Were Jesus "brothers" actually his cousins?

Were “the brethren of the Lord” in such passages as Matthew 12: 46, Matthew 13: 55, etc., His actual brethren? or were they his cousins, as some teach?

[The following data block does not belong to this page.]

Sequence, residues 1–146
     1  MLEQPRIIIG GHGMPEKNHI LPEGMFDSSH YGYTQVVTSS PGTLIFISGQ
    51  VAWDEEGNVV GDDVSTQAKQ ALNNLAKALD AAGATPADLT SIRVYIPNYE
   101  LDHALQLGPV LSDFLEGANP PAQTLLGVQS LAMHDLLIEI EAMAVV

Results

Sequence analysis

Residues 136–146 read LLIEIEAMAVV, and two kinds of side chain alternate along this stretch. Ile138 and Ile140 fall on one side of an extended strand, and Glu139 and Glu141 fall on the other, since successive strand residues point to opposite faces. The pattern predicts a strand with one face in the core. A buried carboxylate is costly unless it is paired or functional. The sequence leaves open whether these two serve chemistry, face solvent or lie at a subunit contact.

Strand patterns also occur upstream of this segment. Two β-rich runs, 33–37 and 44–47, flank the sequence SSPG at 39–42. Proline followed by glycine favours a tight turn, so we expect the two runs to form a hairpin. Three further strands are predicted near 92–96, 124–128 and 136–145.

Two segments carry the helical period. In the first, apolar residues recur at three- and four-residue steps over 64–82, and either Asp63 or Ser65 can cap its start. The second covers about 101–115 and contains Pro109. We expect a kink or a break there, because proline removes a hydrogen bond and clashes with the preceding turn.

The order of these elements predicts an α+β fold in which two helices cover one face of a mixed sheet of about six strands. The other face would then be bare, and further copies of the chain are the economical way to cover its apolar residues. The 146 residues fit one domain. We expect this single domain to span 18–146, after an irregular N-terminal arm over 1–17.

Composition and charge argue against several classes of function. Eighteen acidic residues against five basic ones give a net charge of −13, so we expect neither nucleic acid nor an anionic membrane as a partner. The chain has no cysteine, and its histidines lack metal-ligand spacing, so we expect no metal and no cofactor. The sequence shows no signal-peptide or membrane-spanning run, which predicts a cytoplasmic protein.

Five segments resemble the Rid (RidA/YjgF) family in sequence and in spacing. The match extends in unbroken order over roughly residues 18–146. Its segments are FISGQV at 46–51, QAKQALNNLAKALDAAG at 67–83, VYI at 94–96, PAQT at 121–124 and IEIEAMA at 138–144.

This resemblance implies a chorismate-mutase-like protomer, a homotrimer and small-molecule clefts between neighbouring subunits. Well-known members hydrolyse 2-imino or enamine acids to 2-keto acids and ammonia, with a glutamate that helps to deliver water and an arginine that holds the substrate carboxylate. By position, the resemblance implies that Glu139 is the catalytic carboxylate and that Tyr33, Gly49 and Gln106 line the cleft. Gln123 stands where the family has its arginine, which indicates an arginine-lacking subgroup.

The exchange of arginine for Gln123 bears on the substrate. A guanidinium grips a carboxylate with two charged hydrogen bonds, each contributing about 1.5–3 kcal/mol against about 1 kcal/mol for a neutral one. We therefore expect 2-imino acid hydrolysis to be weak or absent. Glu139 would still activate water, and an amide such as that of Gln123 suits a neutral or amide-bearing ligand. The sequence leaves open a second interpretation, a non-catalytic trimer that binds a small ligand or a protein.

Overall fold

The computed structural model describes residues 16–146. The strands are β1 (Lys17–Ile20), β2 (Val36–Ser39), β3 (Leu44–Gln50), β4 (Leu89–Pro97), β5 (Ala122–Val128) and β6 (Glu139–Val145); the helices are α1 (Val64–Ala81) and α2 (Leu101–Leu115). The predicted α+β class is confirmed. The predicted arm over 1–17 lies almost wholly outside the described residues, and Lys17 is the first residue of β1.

Were it not for controversial reasons I do not think any such question would ever have been raised. The word for “cousin” is distinct, and that used for the Lord’s “brethren,” though sometimes meaning “stepbrother,” is the ordinary one for brother, and there is no hint in the Gospels of Joseph having been married before. This effort to make the word mean “cousin” is supposed to be necessary in order to defend the miraculous birth and the false idea existing that it is holier not to have children, than to have them; whereas the two thoughts—the Virgin Birth and the perpetual virginity of Mary, are quite distinct and independent. While we believe unswervingly in the former, we hold that the testimony of Scripture is against the latter. The expression, “the brethren (adelphoi) of the Lord,” occurs nine times in the Gospels and once in the Acts. In Matthew 12:46 and its parallels in Mark and Luke (where His mother and brethren come to Him); Matthew 13:55 and its parallel in Mark (where the brethren are named Jacob, Joseph, Simon and Judas, four common Jewish names), in connection with His mother and sisters. The four others are: John 2:12—”His mother and His brethren,” and chap. 7. 3, 5, io, where His brethren are said not to have believed in Him. However, it is asserted by the advocates of the perpetual virginity of Mary, that “these brethren” were the sons of Alphus, the husband of the sister of the mother of our Lord, and therefore his cousins. If this were so, it is remarkable that they should be so consistently found with the mother of Jesus, their aunt, rather than with their own mother, the wife of Alphus or Clopas, who was still alive. Now, it is nowhere affirmed that any of the Lord’s brethren were among the twelve apostles; indeed it is plainly stated in John 7, “Neither did His brethren believe on Him.” But among the apostles there were at least two sons of Alphus, James and his brother Judas, and possibly Matthew, who in Mark’s Gospel is said to be “the son of Alphus,” and these certainly could not be among those who did not believe on Him. The two things are inconsistent. Afterwards the brothers did believe, but they never entered the ranks of the twelve apostles. In fact they are in some places distinguished from the apostles, e.g., in Acts 1:14, where they were present in the prayer meeting, but apart from the eleven. See also 1 Corinthians 9:5, “As well as other apostles and as the brethren of the Lord and Cephas.” In reality there are two verses in the New Testament which state implicitly that Mary had other children besides our Lord, namely Matthew 1: 25 (“till she had brought forth her first-born son”); and Luke 2:7 (“And she brought forth her first-born son”). Now, though the Revisers have omitted, “first-born,” in Matthew 1:25, the word is not a plain and clear error, and therefore by the canon of authority laid down for the Revisionists,* it ought to have been left alone. The Luke passage is not disputed and is very emphatic. Had our Lord been the only Child of Mary, He wouldcertainly have been called her only Son—her “monogenës.” As it is, He is called in both these passages her first-born, her “prötotokos.”